'... and we''re back!'
To be finally back from Mali is kind of weird. It’s good, of course. In fact it’s great, because I think we were all ready to be back to our more “normal” life. But it’s also strange, because it’s being such an amazing experience.
Not just because of XY, although of course he’s the star. I suppose it doesn’t have to be like this (perhaps it’s even unlikely to be like this!), but it’s incroyable that we’ve started this journey together with people we barely knew, who by the end have become friends for life. May be for XY and the other two babies it won’t be the same and they won’t feel like this for each other. But in a sense it doesn’t really matter. This is not necessarily about them, just the 6 of us, I think. And the many other people we met in Mali, who we didn’t even know when this all started, but share the same special place for us, now.
It feels strange to think of the girls at the check in desks at the airport in Dakar, last night, who were incredibly nice to us, because they thought it was great that we were happy that our babies had_ la même couleur que leur peau_. And that the nanny who spent the time of a dinner with them, cried her eyes out when she had to say goodbye.
It’s odd to think of all the frustration for the malfunctioning of the bureaucracy and at the same time of the kindness of the people at the Italian embassy in Dakar, who went way, way beyond the call of duty (the Chief Counsellor and his wife even had us for dinner, on a Sunday) to help us out.
It’s definitely strange to think that we’ve lived for the past month and a half in a country at war. It’s strange because we’ve never felt threatened or in real danger where we were; but since the situation in the North of the country got worse about a month ago, so did many other things, even in the capital. I suppose I hadn’t thought about this at the moment, but of course the immediate effect of the war has been to increase the price of many basic goods (eg gas, oil and $-$ probably not as much $-$ food). And the indirect effect of this has been to exacerbate corruption, making everything much more difficult to work.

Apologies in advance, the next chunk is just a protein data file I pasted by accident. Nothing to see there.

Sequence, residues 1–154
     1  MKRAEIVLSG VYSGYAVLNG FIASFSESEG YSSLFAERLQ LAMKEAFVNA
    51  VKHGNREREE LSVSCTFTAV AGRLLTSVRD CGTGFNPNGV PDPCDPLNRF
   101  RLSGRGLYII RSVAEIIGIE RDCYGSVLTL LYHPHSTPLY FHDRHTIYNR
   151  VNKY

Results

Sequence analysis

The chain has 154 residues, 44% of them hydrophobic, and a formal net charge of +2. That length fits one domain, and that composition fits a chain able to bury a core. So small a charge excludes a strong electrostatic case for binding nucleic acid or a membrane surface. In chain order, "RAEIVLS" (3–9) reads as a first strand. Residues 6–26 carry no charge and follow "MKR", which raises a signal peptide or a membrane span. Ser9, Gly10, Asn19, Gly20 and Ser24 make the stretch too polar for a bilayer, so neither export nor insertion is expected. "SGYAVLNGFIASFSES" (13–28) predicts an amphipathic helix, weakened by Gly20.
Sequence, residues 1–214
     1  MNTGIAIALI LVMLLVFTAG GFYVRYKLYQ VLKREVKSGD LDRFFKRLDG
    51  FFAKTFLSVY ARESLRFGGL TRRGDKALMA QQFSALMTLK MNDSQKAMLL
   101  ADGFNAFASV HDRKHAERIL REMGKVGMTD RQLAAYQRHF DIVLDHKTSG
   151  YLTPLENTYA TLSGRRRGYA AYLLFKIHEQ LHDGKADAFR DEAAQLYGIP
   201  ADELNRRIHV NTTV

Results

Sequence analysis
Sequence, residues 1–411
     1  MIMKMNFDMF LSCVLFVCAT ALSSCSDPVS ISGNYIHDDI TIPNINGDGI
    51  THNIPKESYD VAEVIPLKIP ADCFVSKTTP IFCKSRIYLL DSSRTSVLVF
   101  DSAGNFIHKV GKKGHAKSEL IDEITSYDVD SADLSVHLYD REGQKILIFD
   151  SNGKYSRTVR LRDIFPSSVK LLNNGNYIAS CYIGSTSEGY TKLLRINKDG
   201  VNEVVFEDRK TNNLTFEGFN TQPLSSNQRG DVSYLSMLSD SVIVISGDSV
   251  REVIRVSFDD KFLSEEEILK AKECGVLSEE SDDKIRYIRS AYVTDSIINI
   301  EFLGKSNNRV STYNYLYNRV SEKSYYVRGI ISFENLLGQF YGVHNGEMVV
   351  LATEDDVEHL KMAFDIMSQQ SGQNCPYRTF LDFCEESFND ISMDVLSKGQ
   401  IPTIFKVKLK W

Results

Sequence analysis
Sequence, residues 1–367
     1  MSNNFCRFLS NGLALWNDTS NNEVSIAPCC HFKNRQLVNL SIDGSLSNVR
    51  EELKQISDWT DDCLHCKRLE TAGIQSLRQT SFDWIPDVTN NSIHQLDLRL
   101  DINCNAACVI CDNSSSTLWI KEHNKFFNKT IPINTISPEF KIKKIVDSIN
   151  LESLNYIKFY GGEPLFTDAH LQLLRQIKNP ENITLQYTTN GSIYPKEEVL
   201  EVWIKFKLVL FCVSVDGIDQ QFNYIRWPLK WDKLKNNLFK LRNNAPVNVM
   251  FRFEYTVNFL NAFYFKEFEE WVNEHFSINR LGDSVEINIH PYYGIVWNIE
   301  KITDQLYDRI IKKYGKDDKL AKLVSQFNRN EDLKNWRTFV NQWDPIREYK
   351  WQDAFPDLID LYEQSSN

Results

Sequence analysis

It’s weird to realise that I now (nearly) understand and accept excuses for things not working, that at first I thought were outrageous. I guess it’s difficult to accept that you can’t have a passport done because tomorrow people aren’t working to celebrate the Prophet by eating mutton all day long, and so much that they need to take the next day off sick. But for some strange reason, it makes sense when you’re there…
Now Marta and XY are in Italy dealing with the relatives and the final bit of (hopefully much smoother) bureaucracy, while I had to come back home to go back to work (and come to think about it, it’s really, really nice to look back and see how brilliant and supportive the people in my department have been). Right now, the plan is:
- try to climb the mountain of emails in my inbox;
- take all the stuff out of the suitcases;
- prepare my lecture for tomorrow;
- feed the cat, who’s still a bit mad at us for being away for so long (but couldn’t resist purring when I was cuddling him earlier);
- go to sleep and try to wake up on time tomorrow morning.